And Patricia McKeown, president of the ICTU, decried the "casino capitalism that has brought this country to its knees."
    "An economy cannot be built on shady financial deals, privatisation of public services and the ever insatiable greed of the very, very wealthy," she insisted.

    "But we face a government which wants the workers who built the economy to now sacrifice while it protects and bankrolls those who wrecked it. We are not prepared to live in that type of society," Ms McKeown declared.
    Ironically, John McCain bragged about Ireland's economy on the campaign trail last year, pointing to their low business taxes as an example of what they can do for a country. Just like DeVos missed indications that Michigan wasn't the only state showing signs of economic stress, McCain missed signs that Ireland was having problems too.
    The roots of Ireland’s fall date to more than 20 years ago, when a clutch of economists, politicians and civil servants put their heads together in this very pub and planted the philosophical seeds for the Irish economic miracle. ....

    Known widely as the “Doheny & Nesbitt School of Economics,” these beery musings soon became government policy that chopped taxes in half, sharply reduced import duties and embraced foreign investment...
    So how is Ireland's economic miracle working out? Their housing prices have fallen by as much as 50 percent, bank shares have plummeted by more than 90 percent, and unemployment is approaching 10 percent. No wonder one of London's senior police officers is warning that law-abiding middle-class individuals who would never have considered joining demonstrations may now seek to vent their anger through protests this year.
    The public's rage with the banks and the Government is growing by the day. Thousands are losing their jobs through no fault of their own ... Homes are being repossessed across the country, but not the penthouse flats and country piles of bank bosses who thought nothing of taking home vast seven-figure bonuses, and consider £1 million a year a modest income.

    The innocent are being punished while the guilty continue to lead affluent lives.
    British police are preparing for a "summer of rage" as people protest the growing economic crisis. Europeans have had enough. Americans have had enough too, and as David Sirota says, "It is only going to get worse if genuine change doesn't happen in short order."

    (Cross-posted at BFM.)

    Wednesday, March 04, 2009

    I'm Thankful for Socialism

    Republicans can't whip people into a frenzy over Iraq, terrorism, gay rights or abortion anymore, so they've settled on a new target - socialism. For some reason, they're under the impression that Americans are just genetically opposed to it. That's because Republicans sit on their high horses, out of touch with average Americans like me. I'm thankful for socialism, in particular social security, Medicare and Medicaid, and I'm not alone.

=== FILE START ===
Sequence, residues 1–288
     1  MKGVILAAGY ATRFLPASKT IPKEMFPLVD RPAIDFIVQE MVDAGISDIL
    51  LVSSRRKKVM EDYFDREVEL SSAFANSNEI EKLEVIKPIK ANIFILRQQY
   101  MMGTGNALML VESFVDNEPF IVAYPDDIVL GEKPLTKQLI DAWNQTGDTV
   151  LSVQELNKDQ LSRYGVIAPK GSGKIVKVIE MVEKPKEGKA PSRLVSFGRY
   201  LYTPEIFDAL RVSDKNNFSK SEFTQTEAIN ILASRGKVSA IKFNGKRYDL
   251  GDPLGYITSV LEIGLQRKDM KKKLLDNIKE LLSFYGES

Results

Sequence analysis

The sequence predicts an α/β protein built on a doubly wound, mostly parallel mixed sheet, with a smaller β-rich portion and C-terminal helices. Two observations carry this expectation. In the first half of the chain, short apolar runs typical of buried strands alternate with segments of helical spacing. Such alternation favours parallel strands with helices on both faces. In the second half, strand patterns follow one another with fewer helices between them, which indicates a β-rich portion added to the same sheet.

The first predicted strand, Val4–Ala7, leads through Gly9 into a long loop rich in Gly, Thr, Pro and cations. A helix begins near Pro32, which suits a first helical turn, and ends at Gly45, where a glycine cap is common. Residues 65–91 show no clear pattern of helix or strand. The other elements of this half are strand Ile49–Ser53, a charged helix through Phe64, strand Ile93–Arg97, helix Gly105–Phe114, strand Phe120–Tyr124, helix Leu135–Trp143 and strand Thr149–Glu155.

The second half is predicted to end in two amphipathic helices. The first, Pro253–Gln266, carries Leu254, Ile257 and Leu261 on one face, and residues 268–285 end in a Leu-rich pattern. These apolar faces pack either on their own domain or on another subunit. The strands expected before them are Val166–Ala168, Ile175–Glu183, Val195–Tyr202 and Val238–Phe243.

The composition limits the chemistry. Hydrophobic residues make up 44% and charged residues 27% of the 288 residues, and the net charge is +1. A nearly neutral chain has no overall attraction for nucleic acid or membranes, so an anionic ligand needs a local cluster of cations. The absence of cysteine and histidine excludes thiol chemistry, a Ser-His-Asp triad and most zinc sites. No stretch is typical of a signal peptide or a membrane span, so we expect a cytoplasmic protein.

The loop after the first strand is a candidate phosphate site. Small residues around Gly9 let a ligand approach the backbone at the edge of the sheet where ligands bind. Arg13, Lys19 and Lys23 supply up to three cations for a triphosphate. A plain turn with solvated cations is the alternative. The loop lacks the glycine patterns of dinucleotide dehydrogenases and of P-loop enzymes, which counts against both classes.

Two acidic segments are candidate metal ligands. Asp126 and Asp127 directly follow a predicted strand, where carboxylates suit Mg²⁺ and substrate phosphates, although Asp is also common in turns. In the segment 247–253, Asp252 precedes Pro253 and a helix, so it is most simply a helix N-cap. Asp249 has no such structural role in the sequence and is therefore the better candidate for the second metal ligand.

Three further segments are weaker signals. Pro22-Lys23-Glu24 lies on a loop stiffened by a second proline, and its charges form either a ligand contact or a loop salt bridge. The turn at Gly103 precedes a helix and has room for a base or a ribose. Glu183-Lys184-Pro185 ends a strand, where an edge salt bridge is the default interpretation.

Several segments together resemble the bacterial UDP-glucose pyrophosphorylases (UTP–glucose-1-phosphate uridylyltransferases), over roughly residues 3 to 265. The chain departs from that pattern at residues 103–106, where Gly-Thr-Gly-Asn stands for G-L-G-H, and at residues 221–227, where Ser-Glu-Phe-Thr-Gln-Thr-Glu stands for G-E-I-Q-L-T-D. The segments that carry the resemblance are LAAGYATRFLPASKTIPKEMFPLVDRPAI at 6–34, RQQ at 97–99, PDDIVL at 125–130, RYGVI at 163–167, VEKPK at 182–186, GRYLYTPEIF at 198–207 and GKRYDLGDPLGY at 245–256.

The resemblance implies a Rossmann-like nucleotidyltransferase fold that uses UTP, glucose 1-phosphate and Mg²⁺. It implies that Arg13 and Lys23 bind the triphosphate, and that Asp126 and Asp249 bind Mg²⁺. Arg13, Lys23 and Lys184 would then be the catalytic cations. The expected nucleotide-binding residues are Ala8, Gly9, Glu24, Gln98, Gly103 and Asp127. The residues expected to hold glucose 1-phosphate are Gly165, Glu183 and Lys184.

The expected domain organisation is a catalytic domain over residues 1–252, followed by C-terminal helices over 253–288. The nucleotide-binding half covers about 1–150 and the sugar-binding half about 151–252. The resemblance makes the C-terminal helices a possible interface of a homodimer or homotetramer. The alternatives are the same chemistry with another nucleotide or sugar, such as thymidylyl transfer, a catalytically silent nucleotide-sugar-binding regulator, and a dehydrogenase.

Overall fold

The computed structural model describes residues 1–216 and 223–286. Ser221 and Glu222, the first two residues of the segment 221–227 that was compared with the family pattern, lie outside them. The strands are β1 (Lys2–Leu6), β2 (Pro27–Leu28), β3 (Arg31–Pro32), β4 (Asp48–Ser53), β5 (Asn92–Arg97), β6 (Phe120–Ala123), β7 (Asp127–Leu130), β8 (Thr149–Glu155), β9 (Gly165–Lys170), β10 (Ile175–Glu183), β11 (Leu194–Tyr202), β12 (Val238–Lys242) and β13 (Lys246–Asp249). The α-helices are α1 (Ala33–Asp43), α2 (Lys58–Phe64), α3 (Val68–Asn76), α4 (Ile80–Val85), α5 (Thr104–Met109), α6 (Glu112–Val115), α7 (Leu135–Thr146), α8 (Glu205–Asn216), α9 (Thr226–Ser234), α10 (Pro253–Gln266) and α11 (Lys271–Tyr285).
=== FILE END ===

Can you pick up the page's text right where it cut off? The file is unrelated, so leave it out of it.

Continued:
In the past 5 weeks, I've attended 4 funerals, including my mother's, and I've learned that most families are very thankful that their loved ones had Medicare to cover medical bills and Social Security to cover part of their daily living expenses.

    I also learned that young people wish they had something like Medicare to fall back on. They're worrying themselves sick because they don't have health care, and they're more than willing to pay extra taxes in return for coverage.

    In my mother's case, she also received Medicaid, which enabled us to put her in a nursing home 2 years ago. She was 86-years-old at the time, had outlived her money a long time ago, and was in the end stages of Alzheimer's. We couldn't emotionally and financially care for her at home anymore and Medicaid was a godsend. My mother had round-the-clock nursing care, and for the last 6 months she even had hospice, which meant she was kept pain free up till the end.

    Incidentally, don't buy into the Republican myth that socialized medicine prevents you from choosing your doctor. My mother had physicians from the best hospitals in the area to choose from. Ditto nursing homes. We visited several places before deciding on the one we liked. (I guess Republicans haven't heard of choice limiting HMOs or PPOs.)

    My mom was a blessing to us, just like all of your loved ones are blessings, and it makes me angry when I hear people like Mike Huckabee say, "Lenin and Stalin would love this stuff," or other Republicans who throw around terms like "Comrade," as though socialism is dirty and disgusting, and by extension so are the beneficiaries of it. How dare they insult people like my mother. She did the best she could in life to work hard and pay her fair share in taxes. And even if she hadn't worked a day in her life, she deserved health care and a death with dignity because she was one of us.

    It's not socialism to provide health care or a roof over a person's head, it's the right thing to do. It's the Christian thing to do.

    Thank you America for looking after my mother. Your tax dollars made her last few years here on earth more comfortable. God bless you all.